This Day in Music History: January 15

This Day in Music History: January 15January 15, 2017

We cover all sorts of news, facts and historical and interesting facts that happened on this day in music history.


Today: January 15.


1961: The Supremes signed a world wide recording contract with Motown Records. Originally founded as the Primettes, the band became the most commercially successful of Motown's acts and are, to date, America's most successful vocal group with no less than 12 No.1 singles on the Billboard Hot 100.

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1965: The Who released their debut single, 'I Can't Explain'. Jimmy Page played the guitar and The Ivy League on backing vocals, the single reached the No.8 spot on the UK chart.

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1967: The Rolling Stones were forced to change the lyrics of 'Let’s Spend The Night Together' to Let’s Spend Some Time Together when they appeared on the US TV show of Ed Sullivan, because the producers objected to the content of the lyrics. Mick Jagger ostentatiously rolled his eyes at the TV camera when he sang the changed lyrics. As a result, the host, Ed Sullivan, announced that The Rolling Stones would be banned from his show and will never perform on his show ever again.

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1969: George Harrison spent five hours with John, Paul and Ringo and in that meeting he made it clear that he was fully prepared to quit The Beatles for good. Harrison wasn't happy with plans for live performances and also for the current 'Let It Be' film project.


1972: 'Black Dog' by Led Zeppelin made its debut on the US singles chart. The band's third single reached the No.15 spot and spent 8 weeks on the chart. The title of the song is a reference to a nameless, black Labrador retriever that wandered around the Headley Grange studios during recording.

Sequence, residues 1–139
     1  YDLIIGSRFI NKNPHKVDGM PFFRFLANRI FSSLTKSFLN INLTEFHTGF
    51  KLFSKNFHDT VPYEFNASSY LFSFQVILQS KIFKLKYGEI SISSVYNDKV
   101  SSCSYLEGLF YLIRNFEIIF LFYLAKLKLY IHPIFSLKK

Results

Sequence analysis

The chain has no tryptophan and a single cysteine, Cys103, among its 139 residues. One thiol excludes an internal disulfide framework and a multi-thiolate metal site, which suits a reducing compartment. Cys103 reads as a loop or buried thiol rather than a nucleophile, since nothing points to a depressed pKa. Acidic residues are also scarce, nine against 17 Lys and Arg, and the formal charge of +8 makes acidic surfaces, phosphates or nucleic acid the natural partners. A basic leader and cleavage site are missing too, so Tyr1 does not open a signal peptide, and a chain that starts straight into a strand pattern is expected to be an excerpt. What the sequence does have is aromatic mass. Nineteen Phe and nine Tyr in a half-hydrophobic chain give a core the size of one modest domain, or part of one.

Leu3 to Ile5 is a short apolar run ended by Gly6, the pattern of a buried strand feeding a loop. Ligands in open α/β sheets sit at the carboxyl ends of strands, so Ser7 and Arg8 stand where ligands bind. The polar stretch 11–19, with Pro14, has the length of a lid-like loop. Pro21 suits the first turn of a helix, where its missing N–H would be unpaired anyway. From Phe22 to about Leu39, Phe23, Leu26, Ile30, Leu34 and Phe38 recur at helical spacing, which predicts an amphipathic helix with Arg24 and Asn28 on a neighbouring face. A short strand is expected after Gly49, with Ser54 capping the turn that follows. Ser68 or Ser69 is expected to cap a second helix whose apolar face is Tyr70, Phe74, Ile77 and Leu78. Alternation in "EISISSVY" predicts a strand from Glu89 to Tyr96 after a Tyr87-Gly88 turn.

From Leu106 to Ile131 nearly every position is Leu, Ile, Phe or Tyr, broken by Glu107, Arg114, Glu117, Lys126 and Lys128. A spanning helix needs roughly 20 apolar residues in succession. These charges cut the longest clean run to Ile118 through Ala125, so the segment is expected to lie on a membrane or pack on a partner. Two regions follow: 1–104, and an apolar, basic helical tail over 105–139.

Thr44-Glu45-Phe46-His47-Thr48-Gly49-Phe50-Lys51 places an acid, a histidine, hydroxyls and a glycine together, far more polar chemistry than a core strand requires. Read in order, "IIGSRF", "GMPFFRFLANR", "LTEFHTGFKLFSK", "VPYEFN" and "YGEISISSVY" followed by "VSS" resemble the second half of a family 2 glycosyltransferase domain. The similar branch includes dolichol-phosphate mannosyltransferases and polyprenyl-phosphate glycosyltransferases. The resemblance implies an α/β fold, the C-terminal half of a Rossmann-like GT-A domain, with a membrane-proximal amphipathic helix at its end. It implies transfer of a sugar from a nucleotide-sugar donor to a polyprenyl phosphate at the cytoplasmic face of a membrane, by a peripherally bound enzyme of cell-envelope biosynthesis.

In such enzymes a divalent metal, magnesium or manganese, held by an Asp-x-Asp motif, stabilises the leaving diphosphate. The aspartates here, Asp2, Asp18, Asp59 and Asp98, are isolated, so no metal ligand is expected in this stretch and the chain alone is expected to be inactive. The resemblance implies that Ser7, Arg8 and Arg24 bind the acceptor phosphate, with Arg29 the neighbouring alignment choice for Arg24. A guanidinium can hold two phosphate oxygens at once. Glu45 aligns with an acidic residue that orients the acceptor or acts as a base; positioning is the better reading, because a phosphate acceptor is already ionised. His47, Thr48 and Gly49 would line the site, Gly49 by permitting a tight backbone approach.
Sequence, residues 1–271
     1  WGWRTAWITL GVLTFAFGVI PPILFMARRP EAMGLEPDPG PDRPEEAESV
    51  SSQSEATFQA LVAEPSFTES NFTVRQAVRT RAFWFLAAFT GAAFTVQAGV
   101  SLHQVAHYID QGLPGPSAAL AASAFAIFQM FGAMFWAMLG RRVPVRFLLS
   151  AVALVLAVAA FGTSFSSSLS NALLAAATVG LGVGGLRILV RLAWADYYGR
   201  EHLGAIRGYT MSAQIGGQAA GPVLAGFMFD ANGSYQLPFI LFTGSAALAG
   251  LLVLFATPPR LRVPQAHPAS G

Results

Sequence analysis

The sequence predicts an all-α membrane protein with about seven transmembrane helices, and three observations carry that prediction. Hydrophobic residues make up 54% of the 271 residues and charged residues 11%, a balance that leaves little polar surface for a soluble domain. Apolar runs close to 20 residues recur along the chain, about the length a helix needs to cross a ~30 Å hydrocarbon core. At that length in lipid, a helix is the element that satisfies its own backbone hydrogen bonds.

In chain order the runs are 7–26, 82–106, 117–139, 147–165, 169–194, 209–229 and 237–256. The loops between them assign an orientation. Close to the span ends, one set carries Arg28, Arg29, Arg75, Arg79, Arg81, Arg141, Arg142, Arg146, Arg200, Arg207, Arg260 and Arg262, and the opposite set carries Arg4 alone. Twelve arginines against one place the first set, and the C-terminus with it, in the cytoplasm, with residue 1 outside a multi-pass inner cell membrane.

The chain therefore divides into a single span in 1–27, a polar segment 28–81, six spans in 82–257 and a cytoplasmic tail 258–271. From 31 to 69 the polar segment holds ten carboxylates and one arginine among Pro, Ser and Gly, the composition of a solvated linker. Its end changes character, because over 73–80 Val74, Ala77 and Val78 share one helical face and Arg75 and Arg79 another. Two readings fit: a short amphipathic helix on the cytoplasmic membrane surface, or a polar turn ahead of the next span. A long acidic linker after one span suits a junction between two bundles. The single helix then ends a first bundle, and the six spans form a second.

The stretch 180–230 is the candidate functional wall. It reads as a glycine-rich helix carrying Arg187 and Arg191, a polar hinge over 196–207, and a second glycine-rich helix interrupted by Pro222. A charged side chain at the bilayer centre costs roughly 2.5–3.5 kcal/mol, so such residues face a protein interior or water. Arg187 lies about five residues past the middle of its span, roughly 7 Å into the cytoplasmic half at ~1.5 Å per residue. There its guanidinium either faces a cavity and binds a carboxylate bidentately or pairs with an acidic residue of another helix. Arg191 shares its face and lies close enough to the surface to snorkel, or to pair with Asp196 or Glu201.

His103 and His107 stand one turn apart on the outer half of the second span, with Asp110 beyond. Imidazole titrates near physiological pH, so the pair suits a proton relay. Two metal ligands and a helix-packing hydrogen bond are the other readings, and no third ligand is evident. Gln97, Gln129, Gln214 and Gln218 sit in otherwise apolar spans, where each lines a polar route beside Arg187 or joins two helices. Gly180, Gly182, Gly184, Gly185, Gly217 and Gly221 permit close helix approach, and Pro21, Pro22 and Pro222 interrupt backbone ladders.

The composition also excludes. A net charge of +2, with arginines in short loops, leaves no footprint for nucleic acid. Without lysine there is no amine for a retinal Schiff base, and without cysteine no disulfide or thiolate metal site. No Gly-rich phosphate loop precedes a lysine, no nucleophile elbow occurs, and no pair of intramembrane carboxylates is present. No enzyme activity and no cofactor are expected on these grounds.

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1976: 'Wish You Were Here' by Pink Floyd was on the UK album chart. The packaging and design for the album was made by Storm Thorgerson. It featured an opaque black sleeve inside which was hidden the album artwork. Thorgerson had noted that, in the US, Roxy Music's Country Life was sold in an opaque green cellophane sleeve - censoring the cover image - and because of that, he adopted the idea, and concealed the artwork for Wish You Were Here in a dark-coloured shrink-wrap (making the album art 'absent').

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1977: Eagles were at the top of the US album chart with 'Hotel California', the band's third US No.1 album. In the 2013 documentary History of the Eagles, Don Henley said and I quote: "The song was about a journey from innocence to experience...that's all".

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1983: Men At Work started a four week run at the top of the US singles chart with 'Down Under', their second US No.1, and also a No.1 in the UK.

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1983: Phil Collins had his first UK No.1 single with his version of 'You Can't Hurry Love,' which was a great hit for The Supremes in 1966. The version of Phil Collins was the first track on the very first 'Now That's What I Call Music' CD.

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Think we left some interesting fact out? You have anything to add? Is there anything else worth mentioning that happened on this day in music history? Write us in the comments below.


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